The water dept. is now in the process of elimination regarding who and what.  Shutting off the water forces people to come and see them about what to do next.  They assume if they shut off the water to a building or house that it is abandoned, which should be shut off.  If someone is in need, they can show their predicament with proof of welfare or other needed assistance.  If someone can pay, but was just gaming the system, then they can pay

        The city of Detroit is in the process of changing and some things will be done differently and the residents of Detroit will need to understand that they have to work with some of those changes.

        I am not advocating for the Emergency Manager.  But there are some pretty basic ways of doing business that is well understood all over this nation.  Detroit should be no exception.

        I am somewhat irked at this happening now, with an election coming up.  What the hell would people have the democratic candidate do?  What would your response be?  Obviously the situtions would have to be sorted out and the sorting process is happening right now by the  Water Dept..  Both Snyder and Schauer would have the same response.  By the way, the UN would have to also determine ability to pay.  The UN is aware that water systems cost money and have to be maintained, which wasn't done properly in Detroit for years and years.  So this embarassment will only come back to Detroit when it is all sorted out.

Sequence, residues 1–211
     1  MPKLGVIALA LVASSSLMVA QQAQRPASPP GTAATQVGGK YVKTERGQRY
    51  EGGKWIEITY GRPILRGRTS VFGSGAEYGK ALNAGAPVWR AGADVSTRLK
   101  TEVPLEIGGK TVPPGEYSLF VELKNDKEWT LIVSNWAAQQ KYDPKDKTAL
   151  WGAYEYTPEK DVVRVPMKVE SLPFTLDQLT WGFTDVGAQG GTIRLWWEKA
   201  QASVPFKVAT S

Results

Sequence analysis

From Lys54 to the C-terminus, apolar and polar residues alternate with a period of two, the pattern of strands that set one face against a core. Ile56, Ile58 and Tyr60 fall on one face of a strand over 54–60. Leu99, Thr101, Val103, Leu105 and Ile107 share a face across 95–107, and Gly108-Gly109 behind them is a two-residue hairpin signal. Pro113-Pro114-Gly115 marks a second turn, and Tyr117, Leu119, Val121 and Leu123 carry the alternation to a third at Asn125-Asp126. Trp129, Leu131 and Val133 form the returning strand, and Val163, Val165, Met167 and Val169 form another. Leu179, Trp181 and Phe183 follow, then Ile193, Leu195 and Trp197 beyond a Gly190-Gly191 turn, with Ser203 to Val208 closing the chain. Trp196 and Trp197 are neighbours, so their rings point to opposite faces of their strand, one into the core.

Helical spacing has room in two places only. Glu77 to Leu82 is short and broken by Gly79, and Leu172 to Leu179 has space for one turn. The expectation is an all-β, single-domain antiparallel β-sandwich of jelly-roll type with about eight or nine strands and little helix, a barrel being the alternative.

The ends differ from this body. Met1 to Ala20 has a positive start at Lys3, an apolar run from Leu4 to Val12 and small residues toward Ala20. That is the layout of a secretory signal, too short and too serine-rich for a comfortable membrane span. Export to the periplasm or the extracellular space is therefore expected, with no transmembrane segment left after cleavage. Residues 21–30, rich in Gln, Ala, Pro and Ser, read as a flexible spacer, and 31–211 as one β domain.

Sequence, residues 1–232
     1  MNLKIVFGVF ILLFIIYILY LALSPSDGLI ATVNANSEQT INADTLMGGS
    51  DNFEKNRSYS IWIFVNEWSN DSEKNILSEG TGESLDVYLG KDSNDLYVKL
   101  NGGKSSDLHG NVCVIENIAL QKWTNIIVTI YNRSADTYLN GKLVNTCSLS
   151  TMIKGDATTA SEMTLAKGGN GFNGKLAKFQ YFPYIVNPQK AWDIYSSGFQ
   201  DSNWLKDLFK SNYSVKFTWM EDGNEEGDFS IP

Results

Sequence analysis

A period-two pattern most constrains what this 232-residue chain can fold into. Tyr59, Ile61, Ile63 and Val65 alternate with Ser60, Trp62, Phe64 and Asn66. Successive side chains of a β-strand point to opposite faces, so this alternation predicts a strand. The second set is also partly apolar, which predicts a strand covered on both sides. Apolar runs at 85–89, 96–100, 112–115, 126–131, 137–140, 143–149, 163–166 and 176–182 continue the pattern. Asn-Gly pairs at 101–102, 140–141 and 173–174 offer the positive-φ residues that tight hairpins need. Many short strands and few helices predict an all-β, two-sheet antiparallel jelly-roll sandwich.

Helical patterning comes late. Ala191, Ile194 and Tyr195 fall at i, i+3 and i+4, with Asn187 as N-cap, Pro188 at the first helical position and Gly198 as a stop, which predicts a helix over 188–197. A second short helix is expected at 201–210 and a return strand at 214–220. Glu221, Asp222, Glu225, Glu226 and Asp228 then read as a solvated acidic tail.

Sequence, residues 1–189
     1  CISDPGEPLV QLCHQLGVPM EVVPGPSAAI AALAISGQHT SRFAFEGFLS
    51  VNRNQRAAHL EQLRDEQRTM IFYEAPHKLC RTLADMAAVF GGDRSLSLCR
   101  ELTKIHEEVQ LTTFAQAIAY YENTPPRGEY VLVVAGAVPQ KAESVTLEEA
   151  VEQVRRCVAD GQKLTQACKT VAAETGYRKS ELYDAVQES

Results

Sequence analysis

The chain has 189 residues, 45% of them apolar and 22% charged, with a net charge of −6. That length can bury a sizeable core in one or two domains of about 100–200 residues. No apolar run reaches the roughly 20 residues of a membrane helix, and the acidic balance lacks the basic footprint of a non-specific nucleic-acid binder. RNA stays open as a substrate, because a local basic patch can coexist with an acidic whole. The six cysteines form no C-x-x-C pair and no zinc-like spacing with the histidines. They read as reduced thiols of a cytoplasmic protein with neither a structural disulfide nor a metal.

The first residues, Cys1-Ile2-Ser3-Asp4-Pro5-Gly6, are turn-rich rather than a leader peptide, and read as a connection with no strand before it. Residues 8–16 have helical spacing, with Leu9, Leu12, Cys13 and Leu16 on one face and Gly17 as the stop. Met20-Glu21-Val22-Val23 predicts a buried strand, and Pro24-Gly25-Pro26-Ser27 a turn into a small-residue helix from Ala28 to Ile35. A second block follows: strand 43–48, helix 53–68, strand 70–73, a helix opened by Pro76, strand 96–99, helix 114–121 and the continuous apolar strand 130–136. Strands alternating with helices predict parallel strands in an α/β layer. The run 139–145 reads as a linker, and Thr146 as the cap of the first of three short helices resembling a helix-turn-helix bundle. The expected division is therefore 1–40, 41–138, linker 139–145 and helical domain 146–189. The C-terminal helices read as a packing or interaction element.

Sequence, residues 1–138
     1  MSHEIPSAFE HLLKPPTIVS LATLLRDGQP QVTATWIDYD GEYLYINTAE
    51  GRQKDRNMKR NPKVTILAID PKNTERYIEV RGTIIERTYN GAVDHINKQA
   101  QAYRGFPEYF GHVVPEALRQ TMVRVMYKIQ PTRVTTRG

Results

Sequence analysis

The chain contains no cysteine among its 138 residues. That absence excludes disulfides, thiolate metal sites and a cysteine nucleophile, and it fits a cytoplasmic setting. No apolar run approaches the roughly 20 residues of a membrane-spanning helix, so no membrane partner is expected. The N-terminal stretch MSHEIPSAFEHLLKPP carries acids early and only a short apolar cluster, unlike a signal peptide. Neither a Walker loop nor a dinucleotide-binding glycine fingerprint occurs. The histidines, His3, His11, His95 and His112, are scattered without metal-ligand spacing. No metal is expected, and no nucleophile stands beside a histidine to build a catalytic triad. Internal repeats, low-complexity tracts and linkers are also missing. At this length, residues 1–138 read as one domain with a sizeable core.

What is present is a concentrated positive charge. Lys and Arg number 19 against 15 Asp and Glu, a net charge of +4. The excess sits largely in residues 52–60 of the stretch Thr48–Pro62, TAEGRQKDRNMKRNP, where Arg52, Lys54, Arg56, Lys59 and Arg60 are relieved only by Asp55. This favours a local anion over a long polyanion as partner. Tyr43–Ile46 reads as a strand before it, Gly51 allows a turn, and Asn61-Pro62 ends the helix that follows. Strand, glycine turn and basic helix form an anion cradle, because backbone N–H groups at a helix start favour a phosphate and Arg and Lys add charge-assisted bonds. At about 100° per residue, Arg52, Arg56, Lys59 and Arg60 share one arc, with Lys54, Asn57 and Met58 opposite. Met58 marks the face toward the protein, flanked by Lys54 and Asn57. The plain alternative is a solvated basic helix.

1. What does it mean? 2. And then what?

        by alwaysquestion on Wed Jun 25, 2014 at 12:10:33 PM PDT

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        •  Re working out a payment plan (2+ / 0-)
          Recommended by:
          peptabysmal, NoMoreLies